Since 2007, Safe Streets has been Baltimore’s flagship gun violence reduction program. Founded in 2000 by epidemiologist Dr. Gary Slutkin, Cure Violence is a public health approach that uses trusted messengers in the community to interrupt the transmission of violence. Violence interrupters spread anti-violence messages and encourage positive changes in individual behavior as well as community norms around violence. In 2007, the Cure Violence model pioneered in Chicago came to McElderry Park in East Baltimore.
- Catholic Charities,
- LifeBridge Health Center for Hope,
- Park Heights Renaissance,
- Family Health Centers of Baltimore,
- St. Agnes,
- Bon Secours Community Works.
How many people does it serve?
Safe Streets serves the residents within its 10 catchment zones across Baltimore City, totaling 2.6 square miles.
How has Safe Streets contributed to crime reduction?
Past evaluations of the program from Johns Hopkins have found that Safe Streets sites are associated with decreases in fatal and nonfatal shootings, both in the sites' target areas and the area immediately surrounding the sites. In 2020, Safe Streets sites mediated over 2,300 conflicts. In June 2021, the Cherry Hill site celebrated over one year without a homicide within its catchment zone.
How are communities responding to these programs?
A core piece of Safe Streets' model is community mobilization. Sites host events and conduct daily outreach to share information, build trust with community members, and spread the Safe Streets message via credible messengers. Safe Streets sites are regarded as trusted community hubs to access resources and conflict mediation services. In 2020, Safe Streets sites hosted 451 community mobilization events with 58,000+ total attendance.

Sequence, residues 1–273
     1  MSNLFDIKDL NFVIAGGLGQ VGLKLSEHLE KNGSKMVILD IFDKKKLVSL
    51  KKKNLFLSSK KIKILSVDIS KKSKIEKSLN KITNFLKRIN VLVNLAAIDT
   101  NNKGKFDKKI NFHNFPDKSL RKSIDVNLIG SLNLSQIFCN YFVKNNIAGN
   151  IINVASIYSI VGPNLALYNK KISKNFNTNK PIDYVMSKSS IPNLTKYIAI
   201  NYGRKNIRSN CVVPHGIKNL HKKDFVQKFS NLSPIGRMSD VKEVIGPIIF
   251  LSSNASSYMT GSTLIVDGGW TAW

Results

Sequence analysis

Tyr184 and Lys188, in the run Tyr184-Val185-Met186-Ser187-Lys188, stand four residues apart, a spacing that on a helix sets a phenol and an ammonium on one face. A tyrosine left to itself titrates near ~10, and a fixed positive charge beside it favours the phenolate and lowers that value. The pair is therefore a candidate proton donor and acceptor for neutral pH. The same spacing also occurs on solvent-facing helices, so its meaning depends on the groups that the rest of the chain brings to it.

Safe Streets is starting an intensive internal evaluation to identify ways to improve the levels of service and outcomes provided by the ten sites. Using state funds, MONSE has contracted with Dr. Joseph Richardson, Acting Chair of the African-American Studies Department at the University of Maryland, and Dr. Daniel Webster, Director of the Center for Gun Violence Prevention and Policy at Johns Hopkins Bloomberg School of Public Health, to also evaluate Safe Streets and recommend steps for updating the model and integrating an improved Safe Streets into an ecosystem of care to address violence in our communities.